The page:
Simkhat Torah

Hebrew Biblical or Modern Israelite Holidays

Tishrei 5780 / October 2019

Hebrew Torah scrolls in their Ark. from

Hebrew Torah scrolls in their Ark. from


Hag sameakh (happy holiday) and blessings of righteousness to you, friends in Messiah!

        Shalom peace and steady endurance to you!  I hope all is well with you as we come to the end of this current season’s Hebrew Biblical holydays!  I hope you will join with me in heart and mind and spirit to continue and finish to celebrate, worship, and enjoy these holydays.  I encourage you to design something special that you will do devotionally to help you feel still a part of this wonderful Biblical holydays time.  Please join me and other interested fellow believers in Yeshua (Jesus) in this blessed and growthful time in Israel’s calendar and culture!  It is Adonai Elohim’s (Lord God’s) desire and schedule that His people start this new Israelite civil year 5779 in a powerful spiritually reviving way.

        The current Hebrew Biblical holidays (sometimes called the High Holy Days) are summarized as follows.  I will now describe the fourth and final holyday, Simkhat Torah.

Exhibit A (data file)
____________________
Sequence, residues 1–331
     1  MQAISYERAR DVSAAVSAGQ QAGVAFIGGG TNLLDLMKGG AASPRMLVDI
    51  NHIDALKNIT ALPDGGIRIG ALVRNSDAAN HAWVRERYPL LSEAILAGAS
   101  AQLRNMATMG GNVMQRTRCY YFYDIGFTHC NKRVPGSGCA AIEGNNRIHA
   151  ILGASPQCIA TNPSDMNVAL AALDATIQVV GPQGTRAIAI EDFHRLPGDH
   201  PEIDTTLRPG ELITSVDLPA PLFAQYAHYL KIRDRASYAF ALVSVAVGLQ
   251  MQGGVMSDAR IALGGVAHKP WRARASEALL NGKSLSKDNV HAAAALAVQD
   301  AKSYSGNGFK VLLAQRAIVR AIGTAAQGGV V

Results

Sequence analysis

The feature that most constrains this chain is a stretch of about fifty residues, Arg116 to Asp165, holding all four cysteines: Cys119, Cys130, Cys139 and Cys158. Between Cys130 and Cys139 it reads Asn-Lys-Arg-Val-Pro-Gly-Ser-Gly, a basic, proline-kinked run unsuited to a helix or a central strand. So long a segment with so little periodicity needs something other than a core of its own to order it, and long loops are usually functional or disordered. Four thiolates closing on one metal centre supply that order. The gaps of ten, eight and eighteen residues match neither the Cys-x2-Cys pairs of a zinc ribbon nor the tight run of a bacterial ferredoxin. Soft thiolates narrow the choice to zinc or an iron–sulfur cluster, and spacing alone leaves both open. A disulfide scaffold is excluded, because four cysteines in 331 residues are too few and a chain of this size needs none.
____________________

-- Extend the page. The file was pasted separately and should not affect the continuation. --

Simkhat Torah

October 21 (sunset) to October 22 (sunset)


Some relevant passages for reading and meditation:  Gen. 17:1; Exod. 20; Deut. 28; 30:15-16; Psalm 19:11-14; 111:10; 119; Prov. 15:24; Eccl. 5:1-7; 12:13-14; Isa. 58; Jer. 7:1-16; Zeph. 2:3; Matt. 5:6, 48; 7; 23; John 14:15, 21-24; Rom. 8; 1 Cor. 6:9-11, 19-20; 1 John 2:15-16; 5:1-4; Jam. 1:27; 2:1-4, 10, 26; Rev. 22:14-16.  

“Fear of YHVH [LORD] is the foundation of true wisdom.  All who obey His commandments will grow in wisdom.  Praise Him forever!”  — Psalm 111:10, cf. NLT


Simkhat Torah is the concluding major holyday for this Israelite current season.  The name of this holiday literally means “rejoicing of [for] the law.”  The “law” here refers to the Torah or instruction, commandments, and guidelines that Adonai Elohim (Lord God) gave to Moses for the Israelites, as compiled in Exodus-Deuteronomy.  The word torah means “instruction”; so in later times the Torah refers also to the entire TaNaKh (the Old Testament).  For believers in Meshiakh Yeshua (Christ Jesus), the term Torah could be used broadly to refer to all of Elohim’s (God’s) commandments and instructions in the Scriptures (both Old and New Testaments).